How new property tax law will affect you

According to the draft law, the tax rate on a parcel of land varies between zero and Rwf300 per square metre from between Rwf30 and Rwf80 previously.
An aerial view of Remera, a Kigali suburb. Sam Ngendahimana.

The Government has raised taxes on land. The new prices are contained in the new bill determining the sources of revenue and property of decentralised entities.

According to the draft law, which was passed by Parliament on August 2, the tax rate on a parcel of land varies between zero and Rwf300 per square metre from between Rwf30 and Rwf80 previously.

It further states that any undeveloped parcel of land is subject to the additional tax of 100 per cent to the tax rate referred to in its article 18.

The new draft law determines the size of a standard plot of 300 square meters, meaning that it is 20 metres in length to 15 metres wide. The tax will increase by 50 per cent for each extra square metre to such standard plot.

However, for land in use for agriculture, livestock or forestry, if the taxpayer owns less than two hectares, it is exempted from tax, as it was also the case in the previous law.

The Commissioner General of Rwanda Revenue Authority (RRA), Richard Tusabe, told The New Times that the new law sets a range of taxes a person has to pay based on their financial means.

The district council determines the tax rate on a square metre of parcel of land based on criteria and standard rates set by a Ministerial Order.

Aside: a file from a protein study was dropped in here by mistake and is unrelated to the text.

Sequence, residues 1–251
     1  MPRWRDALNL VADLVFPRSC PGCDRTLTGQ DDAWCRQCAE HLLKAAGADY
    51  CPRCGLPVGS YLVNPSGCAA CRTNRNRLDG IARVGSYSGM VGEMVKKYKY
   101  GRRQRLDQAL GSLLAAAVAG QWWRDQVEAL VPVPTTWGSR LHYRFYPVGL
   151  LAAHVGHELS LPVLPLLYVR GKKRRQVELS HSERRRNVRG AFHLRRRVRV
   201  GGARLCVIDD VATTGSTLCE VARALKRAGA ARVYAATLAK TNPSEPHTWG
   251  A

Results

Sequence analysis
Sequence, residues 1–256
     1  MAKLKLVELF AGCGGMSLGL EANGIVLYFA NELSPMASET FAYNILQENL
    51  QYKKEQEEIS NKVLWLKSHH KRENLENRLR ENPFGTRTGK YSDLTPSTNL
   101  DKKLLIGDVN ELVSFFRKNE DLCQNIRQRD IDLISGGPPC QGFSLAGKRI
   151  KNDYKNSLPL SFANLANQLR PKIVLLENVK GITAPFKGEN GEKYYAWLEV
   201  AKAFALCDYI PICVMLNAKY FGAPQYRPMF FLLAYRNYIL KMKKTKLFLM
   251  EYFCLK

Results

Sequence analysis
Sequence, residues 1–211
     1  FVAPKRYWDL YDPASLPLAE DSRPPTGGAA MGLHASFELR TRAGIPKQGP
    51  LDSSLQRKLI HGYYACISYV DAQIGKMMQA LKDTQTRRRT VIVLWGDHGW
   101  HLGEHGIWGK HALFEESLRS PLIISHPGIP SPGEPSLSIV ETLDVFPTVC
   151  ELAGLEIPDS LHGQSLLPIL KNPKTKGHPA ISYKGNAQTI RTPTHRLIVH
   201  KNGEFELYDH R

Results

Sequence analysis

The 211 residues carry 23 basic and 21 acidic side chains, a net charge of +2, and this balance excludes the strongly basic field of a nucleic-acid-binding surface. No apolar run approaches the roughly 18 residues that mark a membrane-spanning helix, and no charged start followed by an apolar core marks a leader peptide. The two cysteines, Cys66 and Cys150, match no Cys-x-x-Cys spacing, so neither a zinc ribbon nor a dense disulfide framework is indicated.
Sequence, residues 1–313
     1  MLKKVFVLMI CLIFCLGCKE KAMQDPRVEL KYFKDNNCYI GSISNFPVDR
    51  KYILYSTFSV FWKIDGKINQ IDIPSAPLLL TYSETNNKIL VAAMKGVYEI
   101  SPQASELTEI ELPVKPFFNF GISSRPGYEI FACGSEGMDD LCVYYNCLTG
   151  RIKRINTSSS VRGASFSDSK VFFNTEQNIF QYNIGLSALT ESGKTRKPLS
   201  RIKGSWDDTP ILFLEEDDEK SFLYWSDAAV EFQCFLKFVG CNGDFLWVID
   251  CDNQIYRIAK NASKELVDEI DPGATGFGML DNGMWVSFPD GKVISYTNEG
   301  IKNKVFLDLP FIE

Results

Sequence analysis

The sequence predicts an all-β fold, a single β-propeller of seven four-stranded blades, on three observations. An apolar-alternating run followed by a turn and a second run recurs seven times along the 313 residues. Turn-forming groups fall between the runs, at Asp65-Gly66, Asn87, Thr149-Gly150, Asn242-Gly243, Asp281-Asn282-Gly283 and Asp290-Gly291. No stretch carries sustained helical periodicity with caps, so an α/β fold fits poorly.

“It is the district council that will determine the tax to be paid. What the law provides is the range; it is the council that knows the living conditions and means of the people in a given district, and it will, therefore, set taxes that correspond to the area. That is the spirit of the law,” Tusabe said adding that the council will be fine-tuning taxes depending on people’s economic development.

Laban Ishimwe, the owner of Kimironko-based Homeland Real Estate, told The New Times that paying an extra tax equivalent to 50 per cent of the initial tax because of an extra square metre to the standard plot was necessary as it can ensure efficient use of land.

However, he said that 300 square meters as the maximum size of a standard plot is small for construction of a residential compound, suggesting that it should be increased to 500 square metres.

“There are people who own plots as large as 2,000 square metres. which is an exaggeration, those should pay higher taxes as they are wealthy,” he said.

District councils’ plans

Nyanza District Advisory Council president, Julie Ngabonziza, said: “What will be considered is the people’s financial means.”

Ngabonziza pointed out that the extra tax beyond the 300 square meter-standard maximum is well in line with ensuring that the country gets land for other indispensable uses such as agricultural activities, and infrastructure.

The immediate former chairperson of the parliamentary standing Committee on National Budget and Patrimony, Constance Mukayuhi Rwaka, concurred with Ngabonziza that the Government and districts need revenues for economic activities such as constructing good roads, health facilities, and water infrastructure.

Rwaka said that the Government still depends on foreign assistance to fund about 16 percent of its budget.

“Tax is important for any country. If that fee is collected, it will not be for personal use but to develop services and infrastructure. What is needed is that the tax does not oppress anyone, rather help people develop,” she said.

editorial@newtimes.co.rw

 

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